Before going on April vacation, St. John School’s middle school students spent an afternoon with Suffolk University History Professor, Bob Allison, learning about the American Revolution and the rich history of Boston’s famed Faneuil Hall.
Professor Allison explained what all of the components of the Massachusetts state flag meant and represented, as well as the history of the American flag. He talked about the history and traditions of the Ancient and Honorable Artillery Company, and about the museum dedicated to the Company.
Professor Allison discussed the construction of Faneuil Hall, and noted that Thomas Edison himself had installed the lights in the Hall. He let the children explore the museum, and he walked around with them answering a whole host of questions, including:
- Identifying a uniform in the museum as a Swiss Guard uniform and explaining what the Swiss Guard is and who it guards;
- Explaining why, for one of the early commanders of the Ancient and Honorable Artillery Company, there was no photograph or picture – cameras had not yet been invented and painted portraits were very expensive – the only known representation of the commander was a silhouette, which was inexpensive to create but did not provide the same level of detail as a photo or portrait; and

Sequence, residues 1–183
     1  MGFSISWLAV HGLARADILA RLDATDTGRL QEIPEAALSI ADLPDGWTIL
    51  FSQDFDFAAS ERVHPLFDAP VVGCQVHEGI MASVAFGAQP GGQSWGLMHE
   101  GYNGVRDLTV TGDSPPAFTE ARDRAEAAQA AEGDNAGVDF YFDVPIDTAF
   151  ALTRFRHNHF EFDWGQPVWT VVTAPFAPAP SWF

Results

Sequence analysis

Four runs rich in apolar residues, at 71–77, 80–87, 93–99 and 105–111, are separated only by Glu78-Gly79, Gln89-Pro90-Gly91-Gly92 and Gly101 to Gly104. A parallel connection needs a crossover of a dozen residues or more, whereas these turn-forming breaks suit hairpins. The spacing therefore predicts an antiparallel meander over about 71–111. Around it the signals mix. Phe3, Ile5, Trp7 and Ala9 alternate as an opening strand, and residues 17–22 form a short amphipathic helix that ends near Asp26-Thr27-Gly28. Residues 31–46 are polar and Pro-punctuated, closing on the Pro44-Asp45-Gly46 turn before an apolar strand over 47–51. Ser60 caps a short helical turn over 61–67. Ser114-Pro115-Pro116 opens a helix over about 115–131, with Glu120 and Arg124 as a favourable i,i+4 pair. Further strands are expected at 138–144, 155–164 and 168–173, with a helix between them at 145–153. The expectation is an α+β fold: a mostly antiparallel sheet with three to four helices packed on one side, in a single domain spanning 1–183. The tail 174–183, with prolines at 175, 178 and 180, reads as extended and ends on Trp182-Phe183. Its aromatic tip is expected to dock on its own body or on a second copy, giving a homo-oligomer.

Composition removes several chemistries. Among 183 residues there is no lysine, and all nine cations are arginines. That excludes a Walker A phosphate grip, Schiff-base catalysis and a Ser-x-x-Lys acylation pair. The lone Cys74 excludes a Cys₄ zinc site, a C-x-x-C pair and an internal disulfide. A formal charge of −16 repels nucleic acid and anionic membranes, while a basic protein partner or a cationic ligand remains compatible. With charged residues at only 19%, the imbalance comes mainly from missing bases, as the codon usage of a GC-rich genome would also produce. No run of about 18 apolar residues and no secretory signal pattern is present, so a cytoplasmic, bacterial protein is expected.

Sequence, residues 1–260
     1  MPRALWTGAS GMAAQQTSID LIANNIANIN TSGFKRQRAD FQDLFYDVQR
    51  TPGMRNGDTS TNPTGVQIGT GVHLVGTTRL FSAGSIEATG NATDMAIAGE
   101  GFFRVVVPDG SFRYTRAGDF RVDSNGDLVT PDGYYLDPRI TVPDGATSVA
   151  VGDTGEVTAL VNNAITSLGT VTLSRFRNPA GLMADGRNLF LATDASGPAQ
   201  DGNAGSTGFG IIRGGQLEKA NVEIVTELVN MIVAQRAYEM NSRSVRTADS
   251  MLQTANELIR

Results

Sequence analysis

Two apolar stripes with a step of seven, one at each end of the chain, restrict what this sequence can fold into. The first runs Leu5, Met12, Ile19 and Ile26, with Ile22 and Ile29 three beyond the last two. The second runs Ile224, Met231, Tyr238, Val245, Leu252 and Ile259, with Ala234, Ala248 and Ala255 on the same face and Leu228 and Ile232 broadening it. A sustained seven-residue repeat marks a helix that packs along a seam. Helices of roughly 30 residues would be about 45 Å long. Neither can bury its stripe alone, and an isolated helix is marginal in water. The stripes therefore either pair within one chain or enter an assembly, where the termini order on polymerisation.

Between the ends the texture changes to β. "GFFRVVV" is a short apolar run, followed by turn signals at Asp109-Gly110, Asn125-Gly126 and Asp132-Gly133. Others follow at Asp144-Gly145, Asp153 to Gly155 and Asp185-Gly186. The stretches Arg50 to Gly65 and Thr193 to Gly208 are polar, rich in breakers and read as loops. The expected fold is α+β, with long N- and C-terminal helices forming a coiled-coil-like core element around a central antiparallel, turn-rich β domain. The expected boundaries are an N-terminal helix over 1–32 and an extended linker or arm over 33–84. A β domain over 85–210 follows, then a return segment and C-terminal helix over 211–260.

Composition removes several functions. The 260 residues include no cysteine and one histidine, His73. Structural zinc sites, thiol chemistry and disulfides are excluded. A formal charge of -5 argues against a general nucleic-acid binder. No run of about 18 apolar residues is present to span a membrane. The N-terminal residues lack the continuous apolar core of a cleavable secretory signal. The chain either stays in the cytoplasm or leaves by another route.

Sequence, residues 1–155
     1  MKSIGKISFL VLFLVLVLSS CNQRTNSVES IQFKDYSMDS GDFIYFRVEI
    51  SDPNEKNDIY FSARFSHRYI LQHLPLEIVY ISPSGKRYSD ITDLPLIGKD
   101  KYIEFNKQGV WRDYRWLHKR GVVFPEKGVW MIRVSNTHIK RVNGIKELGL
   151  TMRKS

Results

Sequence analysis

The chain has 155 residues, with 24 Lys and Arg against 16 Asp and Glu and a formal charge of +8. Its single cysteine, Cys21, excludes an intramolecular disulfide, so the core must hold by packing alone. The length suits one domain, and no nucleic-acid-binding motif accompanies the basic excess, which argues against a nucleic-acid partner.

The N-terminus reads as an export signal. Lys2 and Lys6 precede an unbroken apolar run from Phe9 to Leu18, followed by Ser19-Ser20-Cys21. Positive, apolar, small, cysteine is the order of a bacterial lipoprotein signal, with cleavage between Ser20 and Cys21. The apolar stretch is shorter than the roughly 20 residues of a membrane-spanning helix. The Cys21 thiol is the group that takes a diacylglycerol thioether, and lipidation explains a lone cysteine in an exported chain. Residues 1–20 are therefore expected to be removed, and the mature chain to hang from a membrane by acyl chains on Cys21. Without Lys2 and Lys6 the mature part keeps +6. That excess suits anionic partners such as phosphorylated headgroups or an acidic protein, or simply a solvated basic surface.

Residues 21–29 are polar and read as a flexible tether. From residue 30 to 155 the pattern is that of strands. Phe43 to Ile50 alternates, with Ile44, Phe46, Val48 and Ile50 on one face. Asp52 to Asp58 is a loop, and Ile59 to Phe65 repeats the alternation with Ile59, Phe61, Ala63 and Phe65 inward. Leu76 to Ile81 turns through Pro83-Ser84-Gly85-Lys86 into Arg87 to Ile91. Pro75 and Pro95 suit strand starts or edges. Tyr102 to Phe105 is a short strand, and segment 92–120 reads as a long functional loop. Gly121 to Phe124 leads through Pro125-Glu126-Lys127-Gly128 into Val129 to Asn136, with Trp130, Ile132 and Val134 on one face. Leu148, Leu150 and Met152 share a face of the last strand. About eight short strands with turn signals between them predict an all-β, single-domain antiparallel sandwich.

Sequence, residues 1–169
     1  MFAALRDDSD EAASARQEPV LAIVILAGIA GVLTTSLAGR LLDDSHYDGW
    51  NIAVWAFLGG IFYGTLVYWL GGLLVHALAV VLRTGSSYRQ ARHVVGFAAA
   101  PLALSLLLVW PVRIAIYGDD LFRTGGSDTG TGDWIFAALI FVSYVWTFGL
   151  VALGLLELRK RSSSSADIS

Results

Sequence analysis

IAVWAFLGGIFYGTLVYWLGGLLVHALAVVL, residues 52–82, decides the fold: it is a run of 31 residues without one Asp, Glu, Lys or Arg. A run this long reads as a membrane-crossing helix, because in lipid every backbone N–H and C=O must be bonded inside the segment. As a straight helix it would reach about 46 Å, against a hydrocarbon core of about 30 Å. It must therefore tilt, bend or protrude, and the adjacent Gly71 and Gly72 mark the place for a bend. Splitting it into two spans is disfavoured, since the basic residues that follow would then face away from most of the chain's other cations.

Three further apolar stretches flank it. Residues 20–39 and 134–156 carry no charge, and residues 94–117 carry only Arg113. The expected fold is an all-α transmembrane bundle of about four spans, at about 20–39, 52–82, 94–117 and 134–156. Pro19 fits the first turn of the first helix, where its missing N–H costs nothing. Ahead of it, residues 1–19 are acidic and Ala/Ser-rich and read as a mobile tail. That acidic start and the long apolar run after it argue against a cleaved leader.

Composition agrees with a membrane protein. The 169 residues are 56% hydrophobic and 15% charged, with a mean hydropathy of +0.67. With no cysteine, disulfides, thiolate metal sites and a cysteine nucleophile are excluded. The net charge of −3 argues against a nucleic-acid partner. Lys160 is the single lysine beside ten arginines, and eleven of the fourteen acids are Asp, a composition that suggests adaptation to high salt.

- Explaining what the insignia on various military patches represented.
Finally, Professor Allison arranged a talk by the park ranger in the downstairs meeting hall. The focus of that talk was: (1) what freedom meant to each of the students; and (2) that Faneuil Hall was a public meeting place where, from the Revolution through the present day, people have gathered to advocate for what freedom means to them.
Professor Allison had the children on the edge of their seats with his firsthand knowledge of Boston’s significance as the “cradle of liberty”. We thank him for his time and for making history fun and interesting.
Professor Allison’s parting words of wisdom to our students was, “I encourage you to take advantage of all of the exciting opportunities Boston has to learn about history.”